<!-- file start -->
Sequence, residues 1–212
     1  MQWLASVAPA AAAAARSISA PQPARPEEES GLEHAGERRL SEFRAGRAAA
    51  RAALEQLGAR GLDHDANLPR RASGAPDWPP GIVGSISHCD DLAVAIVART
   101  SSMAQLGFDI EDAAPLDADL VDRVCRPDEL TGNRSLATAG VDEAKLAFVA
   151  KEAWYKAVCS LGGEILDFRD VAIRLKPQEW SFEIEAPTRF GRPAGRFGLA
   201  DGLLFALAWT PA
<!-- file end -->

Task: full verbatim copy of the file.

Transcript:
Sequence, residues 1–212
     1  MQWLASVAPA AAAAARSISA PQPARPEEES GLEHAGERRL SEFRAGRAAA
    51  RAALEQLGAR GLDHDANLPR RASGAPDWPP GIVGSISHCD DLAVAIVART
   101  SSMAQLGFDI EDAAPLDADL VDRVCRPDEL TGNRSLATAG VDEAKLAFVA
   151  KEAWYKAVCS LGGEILDFRD VAIRLKPQEW SFEIEAPTRF GRPAGRFGLA
   201  DGLLFALAWT PA